Locomotor performance of cane toads differs between native-range and invasive populations.
ABSTRACT: Invasive species provide a robust opportunity to evaluate how animals deal with novel environmental challenges. Shifts in locomotor performance-and thus the ability to disperse-(and especially, the degree to which it is constrained by thermal and hydric extremes) are of special importance, because they might affect the rate that an invader can spread. We studied cane toads (Rhinella marina) across a broad geographical range: two populations within the species' native range in Brazil, two invasive populations on the island of Hawai'i and eight invasive populations encompassing the eastern, western and southern limits of the toad invasion in Australia. A toad's locomotor performance on a circular raceway was strongly affected by both its temperature and its hydration state, but the nature and magnitude of those constraints differed across populations. In their native range, cane toads exhibited relatively low performance (even under optimal test conditions) and a rapid decrease in performance at lower temperatures and hydration levels. At the other extreme, performance was high in toads from southern Australia, and virtually unaffected by desiccation. Hawai'ian toads broadly resembled their Brazilian conspecifics, plausibly reflecting similar climatic conditions. The invasion of Australia has been accompanied by a dramatic enhancement in the toads' locomotor abilities, and (in some populations) by an ability to maintain locomotor performance even when the animal is cold and/or dehydrated. The geographical divergences in performance among cane toad populations graphically attest to the adaptability of invasive species in the face of novel abiotic challenges.
Project description:Temperature has pervasive effects on physiological processes and is critical in setting species distribution limits. Since invading Australia, cane toads have spread rapidly across low latitudes, but slowly into higher latitudes. Low temperature is the likely factor limiting high-latitude advancement. Several previous attempts have been made to predict future cane toad distributions in Australia, but understanding the potential contribution of phenotypic plasticity and adaptation to future range expansion remains challenging. Previous research demonstrates the considerable thermal metabolic plasticity of the cane toad, but suggests limited thermal plasticity of locomotor performance. Additionally, the oxygen-limited thermal tolerance hypothesis predicts that reduced aerobic scope sets thermal limits for ectotherm performance. Metabolic plasticity, locomotor performance and aerobic scope are therefore predicted targets of natural selection as cane toads invade colder regions. We measured these traits at temperatures of 10, 15, 22.5 and 30°C in low- and high-latitude toads acclimated to 15 and 30°C, to test the hypothesis that cane toads have adapted to cooler temperatures. High-latitude toads show increased metabolic plasticity and higher resting metabolic rates at lower temperatures. Burst locomotor performance was worse for high-latitude toads. Other traits showed no regional differences. We conclude that increased metabolic plasticity may facilitate invasion into higher latitudes by maintaining critical physiological functions at lower temperatures.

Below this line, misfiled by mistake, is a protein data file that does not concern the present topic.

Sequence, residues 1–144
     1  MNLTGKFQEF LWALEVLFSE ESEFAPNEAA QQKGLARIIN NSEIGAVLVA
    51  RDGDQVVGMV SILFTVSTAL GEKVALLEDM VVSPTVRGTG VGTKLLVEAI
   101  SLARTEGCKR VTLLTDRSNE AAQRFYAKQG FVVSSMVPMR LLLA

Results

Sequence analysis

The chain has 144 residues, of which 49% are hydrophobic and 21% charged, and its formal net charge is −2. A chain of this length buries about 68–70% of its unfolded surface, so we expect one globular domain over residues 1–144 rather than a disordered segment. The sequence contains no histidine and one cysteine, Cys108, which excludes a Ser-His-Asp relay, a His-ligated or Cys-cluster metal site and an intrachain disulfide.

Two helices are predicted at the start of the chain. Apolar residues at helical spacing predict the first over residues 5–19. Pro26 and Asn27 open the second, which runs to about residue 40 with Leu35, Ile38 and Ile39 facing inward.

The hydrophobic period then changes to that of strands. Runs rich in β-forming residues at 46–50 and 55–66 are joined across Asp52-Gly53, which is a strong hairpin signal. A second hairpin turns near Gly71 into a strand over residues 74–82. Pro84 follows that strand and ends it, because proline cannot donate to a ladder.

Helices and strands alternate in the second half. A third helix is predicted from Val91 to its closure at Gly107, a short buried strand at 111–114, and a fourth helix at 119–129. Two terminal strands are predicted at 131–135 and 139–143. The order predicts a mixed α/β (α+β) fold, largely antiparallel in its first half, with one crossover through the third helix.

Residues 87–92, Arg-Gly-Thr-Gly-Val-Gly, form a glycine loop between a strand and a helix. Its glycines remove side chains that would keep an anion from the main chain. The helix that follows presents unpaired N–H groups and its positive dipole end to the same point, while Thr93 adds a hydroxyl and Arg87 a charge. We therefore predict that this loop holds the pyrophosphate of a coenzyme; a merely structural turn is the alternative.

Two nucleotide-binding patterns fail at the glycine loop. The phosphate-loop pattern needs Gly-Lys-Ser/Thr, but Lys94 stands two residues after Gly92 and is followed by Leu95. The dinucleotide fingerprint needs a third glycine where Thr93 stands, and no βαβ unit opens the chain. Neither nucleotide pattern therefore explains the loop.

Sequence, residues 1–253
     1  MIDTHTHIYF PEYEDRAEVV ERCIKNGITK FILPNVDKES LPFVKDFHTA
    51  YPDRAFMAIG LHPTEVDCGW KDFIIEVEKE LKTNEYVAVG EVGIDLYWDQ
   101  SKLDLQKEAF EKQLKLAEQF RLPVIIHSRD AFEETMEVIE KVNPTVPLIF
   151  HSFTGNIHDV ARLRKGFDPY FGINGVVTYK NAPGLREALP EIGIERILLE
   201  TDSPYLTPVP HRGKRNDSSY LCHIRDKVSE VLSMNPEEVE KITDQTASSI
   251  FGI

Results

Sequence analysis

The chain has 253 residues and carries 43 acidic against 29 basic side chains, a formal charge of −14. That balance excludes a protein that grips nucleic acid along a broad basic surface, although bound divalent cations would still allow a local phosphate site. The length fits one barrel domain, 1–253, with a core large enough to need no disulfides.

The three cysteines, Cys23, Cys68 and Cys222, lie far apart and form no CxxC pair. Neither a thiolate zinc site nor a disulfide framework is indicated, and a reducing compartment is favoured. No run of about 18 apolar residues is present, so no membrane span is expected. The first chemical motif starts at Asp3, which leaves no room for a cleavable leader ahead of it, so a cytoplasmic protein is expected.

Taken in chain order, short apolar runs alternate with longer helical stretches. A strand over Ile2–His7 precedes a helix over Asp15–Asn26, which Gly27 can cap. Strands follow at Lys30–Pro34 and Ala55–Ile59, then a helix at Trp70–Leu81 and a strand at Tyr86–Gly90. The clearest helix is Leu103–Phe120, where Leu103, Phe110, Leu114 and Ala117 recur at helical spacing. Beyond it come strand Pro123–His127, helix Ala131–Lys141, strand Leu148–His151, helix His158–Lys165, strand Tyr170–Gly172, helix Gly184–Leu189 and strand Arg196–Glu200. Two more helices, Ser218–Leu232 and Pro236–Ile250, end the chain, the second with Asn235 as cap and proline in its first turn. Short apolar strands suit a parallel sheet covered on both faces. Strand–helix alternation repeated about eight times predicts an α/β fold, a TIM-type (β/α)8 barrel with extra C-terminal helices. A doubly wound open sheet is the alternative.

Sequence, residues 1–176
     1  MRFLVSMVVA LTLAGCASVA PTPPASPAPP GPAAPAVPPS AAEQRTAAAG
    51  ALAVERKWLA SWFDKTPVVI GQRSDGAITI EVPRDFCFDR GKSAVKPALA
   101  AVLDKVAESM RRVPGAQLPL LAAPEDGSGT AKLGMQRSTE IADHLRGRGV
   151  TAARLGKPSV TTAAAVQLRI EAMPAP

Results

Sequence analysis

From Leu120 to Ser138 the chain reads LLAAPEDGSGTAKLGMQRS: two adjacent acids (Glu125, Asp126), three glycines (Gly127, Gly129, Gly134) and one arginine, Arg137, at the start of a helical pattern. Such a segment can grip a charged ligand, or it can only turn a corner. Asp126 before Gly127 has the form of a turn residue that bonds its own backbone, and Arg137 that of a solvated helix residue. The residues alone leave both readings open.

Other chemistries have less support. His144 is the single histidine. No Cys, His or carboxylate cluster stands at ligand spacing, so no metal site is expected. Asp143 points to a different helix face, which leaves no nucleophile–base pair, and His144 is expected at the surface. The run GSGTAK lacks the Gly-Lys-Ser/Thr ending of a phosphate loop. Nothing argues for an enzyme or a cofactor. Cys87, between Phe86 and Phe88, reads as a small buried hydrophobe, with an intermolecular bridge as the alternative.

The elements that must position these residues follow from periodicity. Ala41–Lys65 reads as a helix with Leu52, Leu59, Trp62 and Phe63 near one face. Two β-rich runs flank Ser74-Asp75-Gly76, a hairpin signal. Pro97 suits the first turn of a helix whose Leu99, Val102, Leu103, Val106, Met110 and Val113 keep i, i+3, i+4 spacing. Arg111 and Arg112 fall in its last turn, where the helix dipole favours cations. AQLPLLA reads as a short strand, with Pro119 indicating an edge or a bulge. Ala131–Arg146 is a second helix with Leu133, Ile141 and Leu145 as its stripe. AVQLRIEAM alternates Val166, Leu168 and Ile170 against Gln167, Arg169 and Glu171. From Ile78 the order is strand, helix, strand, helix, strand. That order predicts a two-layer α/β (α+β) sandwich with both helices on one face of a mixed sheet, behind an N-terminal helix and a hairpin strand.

Project description:Biological invasions can stimulate rapid shifts in organismal performance, via both plasticity and adaptation. We can distinguish between these two proximate mechanisms by rearing offspring from populations under identical conditions and measuring their locomotor abilities in standardized trials. We collected adult cane toads (Rhinella marina) from invasive populations that inhabit regions of Australia with different climatic conditions. We bred those toads and raised their offspring under common-garden conditions before testing their locomotor performance. At high (but not low) temperatures, offspring of individuals from a hotter location (northwestern Australia) outperformed offspring of conspecifics from a cooler location (northeastern Australia). This disparity indicates that, within less than 100 years, thermal performance in cane toads has adapted to the novel abiotic challenges that cane toads have encountered during their invasion of tropical Australia.